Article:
Dr. Leon Ong Chua is a circuit theorist and professor in the Department of Electrical Engineering and Computer Sciences at the University of California, Berkeley. He visited KAIST on April 16, 2014 and gave a talk entitled “Memristor: New Device with Intelligence.” Dr. Chua contributed to the development of nonlinear circuit theory and cellular neural networks (CNN). He was also the first to conceive of memristor which combines the characteristics of memory and resistor. Memristor is a type of resistor, remembering the direction and charge of electrical current that has previously flowed through the resistor. In other words, memristor can retain memory without power. Today, memristor is regarded as the fourth fundamental circuit element, together with capacitors, inductors, and resistors. In 2008, researchers at Hewlett-Packard (HP) Labs developed the first working model of memristor, which was reported in Nature (May 1st , 2008). In addition, Dr. Chua is an IEEE fellow and has received numerous awards including the IEEE Kirchhoff Award, the IEEE Neural Network Pioneer Award, the IEEE Third Millennium Medal, and the Top 15 Most Cited Author in Engineering Award.
"Modeling and Simulation of Discrete Event Systems" by Professor Byoung-Kyu Choi, Selected as Textbook by UC Berkeley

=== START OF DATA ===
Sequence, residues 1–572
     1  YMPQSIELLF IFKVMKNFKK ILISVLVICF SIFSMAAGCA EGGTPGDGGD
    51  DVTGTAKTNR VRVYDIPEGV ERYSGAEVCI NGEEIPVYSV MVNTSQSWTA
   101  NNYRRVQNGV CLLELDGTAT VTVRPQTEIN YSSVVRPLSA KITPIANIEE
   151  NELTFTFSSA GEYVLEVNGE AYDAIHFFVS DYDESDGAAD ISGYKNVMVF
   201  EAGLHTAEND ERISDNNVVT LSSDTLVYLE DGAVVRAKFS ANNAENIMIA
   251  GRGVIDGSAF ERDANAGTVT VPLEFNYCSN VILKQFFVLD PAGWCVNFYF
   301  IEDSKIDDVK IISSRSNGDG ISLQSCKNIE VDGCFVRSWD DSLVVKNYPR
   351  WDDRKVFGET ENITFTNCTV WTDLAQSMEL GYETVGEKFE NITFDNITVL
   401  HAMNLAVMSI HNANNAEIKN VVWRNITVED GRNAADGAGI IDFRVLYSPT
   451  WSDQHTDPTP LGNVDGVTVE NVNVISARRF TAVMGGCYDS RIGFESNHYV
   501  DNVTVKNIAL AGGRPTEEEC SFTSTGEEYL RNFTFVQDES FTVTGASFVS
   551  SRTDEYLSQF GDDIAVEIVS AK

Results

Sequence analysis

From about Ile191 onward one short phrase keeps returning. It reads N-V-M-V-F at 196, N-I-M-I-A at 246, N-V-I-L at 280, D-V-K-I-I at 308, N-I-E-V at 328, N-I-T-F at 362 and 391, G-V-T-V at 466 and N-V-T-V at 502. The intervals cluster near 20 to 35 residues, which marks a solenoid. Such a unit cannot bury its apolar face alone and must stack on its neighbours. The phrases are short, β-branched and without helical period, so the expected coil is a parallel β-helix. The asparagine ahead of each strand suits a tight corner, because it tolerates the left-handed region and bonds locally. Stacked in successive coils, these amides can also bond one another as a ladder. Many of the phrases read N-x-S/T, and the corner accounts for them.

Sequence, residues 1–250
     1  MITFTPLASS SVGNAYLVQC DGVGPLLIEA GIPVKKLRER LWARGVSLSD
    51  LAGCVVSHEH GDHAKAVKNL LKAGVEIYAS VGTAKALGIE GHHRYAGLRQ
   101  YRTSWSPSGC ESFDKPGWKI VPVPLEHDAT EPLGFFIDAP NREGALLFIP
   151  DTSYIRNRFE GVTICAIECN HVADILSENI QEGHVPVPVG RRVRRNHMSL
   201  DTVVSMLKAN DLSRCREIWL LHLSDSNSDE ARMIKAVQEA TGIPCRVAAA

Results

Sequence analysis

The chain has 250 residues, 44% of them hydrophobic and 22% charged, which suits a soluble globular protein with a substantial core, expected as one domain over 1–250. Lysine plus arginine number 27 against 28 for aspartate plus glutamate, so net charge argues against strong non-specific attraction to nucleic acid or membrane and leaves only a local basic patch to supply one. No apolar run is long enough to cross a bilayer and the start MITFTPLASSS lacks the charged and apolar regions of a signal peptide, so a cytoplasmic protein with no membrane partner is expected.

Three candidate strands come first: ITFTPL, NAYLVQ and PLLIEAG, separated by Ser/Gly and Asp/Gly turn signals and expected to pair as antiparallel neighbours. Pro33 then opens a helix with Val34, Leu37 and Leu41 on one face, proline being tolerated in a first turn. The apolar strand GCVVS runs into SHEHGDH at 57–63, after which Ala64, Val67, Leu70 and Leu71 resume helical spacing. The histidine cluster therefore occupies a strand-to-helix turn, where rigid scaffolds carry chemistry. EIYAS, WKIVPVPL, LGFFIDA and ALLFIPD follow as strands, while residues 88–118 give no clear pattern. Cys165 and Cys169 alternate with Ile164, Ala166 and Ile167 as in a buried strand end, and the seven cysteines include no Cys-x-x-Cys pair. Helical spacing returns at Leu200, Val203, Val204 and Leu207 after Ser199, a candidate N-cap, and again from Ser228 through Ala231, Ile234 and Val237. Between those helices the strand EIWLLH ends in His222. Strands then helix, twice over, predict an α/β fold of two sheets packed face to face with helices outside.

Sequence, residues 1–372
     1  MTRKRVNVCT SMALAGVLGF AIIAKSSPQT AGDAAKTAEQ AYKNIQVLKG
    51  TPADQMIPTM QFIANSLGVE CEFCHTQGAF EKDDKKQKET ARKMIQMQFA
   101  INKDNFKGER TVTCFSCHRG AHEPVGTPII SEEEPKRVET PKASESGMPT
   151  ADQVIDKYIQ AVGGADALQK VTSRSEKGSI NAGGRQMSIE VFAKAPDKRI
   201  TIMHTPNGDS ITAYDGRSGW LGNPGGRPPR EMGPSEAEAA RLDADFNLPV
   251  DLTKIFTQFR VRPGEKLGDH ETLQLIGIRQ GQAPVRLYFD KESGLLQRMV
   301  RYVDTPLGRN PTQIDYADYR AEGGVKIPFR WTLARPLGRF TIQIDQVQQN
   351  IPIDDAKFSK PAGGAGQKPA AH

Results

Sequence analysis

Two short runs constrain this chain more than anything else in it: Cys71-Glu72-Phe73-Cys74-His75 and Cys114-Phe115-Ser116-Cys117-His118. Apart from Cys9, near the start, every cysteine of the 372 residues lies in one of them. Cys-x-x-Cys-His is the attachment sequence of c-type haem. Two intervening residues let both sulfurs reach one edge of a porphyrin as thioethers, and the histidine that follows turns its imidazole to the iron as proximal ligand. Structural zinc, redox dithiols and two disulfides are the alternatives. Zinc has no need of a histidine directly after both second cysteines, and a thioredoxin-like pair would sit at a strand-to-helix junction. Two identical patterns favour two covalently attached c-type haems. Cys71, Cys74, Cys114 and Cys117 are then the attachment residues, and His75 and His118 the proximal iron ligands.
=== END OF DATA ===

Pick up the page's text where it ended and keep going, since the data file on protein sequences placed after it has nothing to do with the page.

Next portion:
The book, "Modeling and Simulation of Discrete Event Systems," written by Professor Byoung-Kyu Choi from the Department of Industrial and Systems Engineering at KAIST, was selected as a textbook for the Department of Industrial Engineering at the University of California in Berkeley (UC Berkeley).It was published based on professor Choi’s lecture notes and has been used as a textbook for both undergraduate and graduate students at KAIST.Professor Lee W. Schruben from the Department of Industrial Engineering at UC Berkeley said, “It was selected as a textbook for the discrete event simulation course since it shows outstanding educational methodology as well as academic values.”Professor Choi said, “This is the first case of an American university choosing a Korean industrial engineering publication as a textbook. We should be proud of the high evaluation of KAIST’s Industrial and Systems Engineering Department.” The School of Engineering in UC Berkeley was ranked third in the Times Higher Education World University Rankings in 2013.